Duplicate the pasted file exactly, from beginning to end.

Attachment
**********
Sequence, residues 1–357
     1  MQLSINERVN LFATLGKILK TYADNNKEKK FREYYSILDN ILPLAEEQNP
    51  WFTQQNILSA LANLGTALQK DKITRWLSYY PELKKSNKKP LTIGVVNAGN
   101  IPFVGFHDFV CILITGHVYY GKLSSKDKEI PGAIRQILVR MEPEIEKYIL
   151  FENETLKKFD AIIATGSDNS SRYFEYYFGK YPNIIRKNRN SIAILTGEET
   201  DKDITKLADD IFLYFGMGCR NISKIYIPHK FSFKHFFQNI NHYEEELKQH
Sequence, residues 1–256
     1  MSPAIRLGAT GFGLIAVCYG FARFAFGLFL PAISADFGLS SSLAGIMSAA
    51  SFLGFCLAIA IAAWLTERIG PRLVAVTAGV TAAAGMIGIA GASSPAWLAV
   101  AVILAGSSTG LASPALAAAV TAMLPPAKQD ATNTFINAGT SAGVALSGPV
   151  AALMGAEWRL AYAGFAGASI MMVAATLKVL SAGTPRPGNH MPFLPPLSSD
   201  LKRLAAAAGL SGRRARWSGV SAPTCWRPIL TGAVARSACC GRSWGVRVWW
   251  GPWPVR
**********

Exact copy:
Sequence, residues 1–357
     1  MQLSINERVN LFATLGKILK TYADNNKEKK FREYYSILDN ILPLAEEQNP
    51  WFTQQNILSA LANLGTALQK DKITRWLSYY PELKKSNKKP LTIGVVNAGN
   101  IPFVGFHDFV CILITGHVYY GKLSSKDKEI PGAIRQILVR MEPEIEKYIL
   151  FENETLKKFD AIIATGSDNS SRYFEYYFGK YPNIIRKNRN SIAILTGEET
   201  DKDITKLADD IFLYFGMGCR NISKIYIPHK FSFKHFFQNI NHYEEELKQH
Sequence, residues 1–256
     1  MSPAIRLGAT GFGLIAVCYG FARFAFGLFL PAISADFGLS SSLAGIMSAA
    51  SFLGFCLAIA IAAWLTERIG PRLVAVTAGV TAAAGMIGIA GASSPAWLAV
   101  AVILAGSSTG LASPALAAAV TAMLPPAKQD ATNTFINAGT SAGVALSGPV
   151  AALMGAEWRL AYAGFAGASI MMVAATLKVL SAGTPRPGNH MPFLPPLSSD
   201  LKRLAAAAGL SGRRARWSGV SAPTCWRPIL TGAVARSACC GRSWGVRVWW
   251  GPWPVR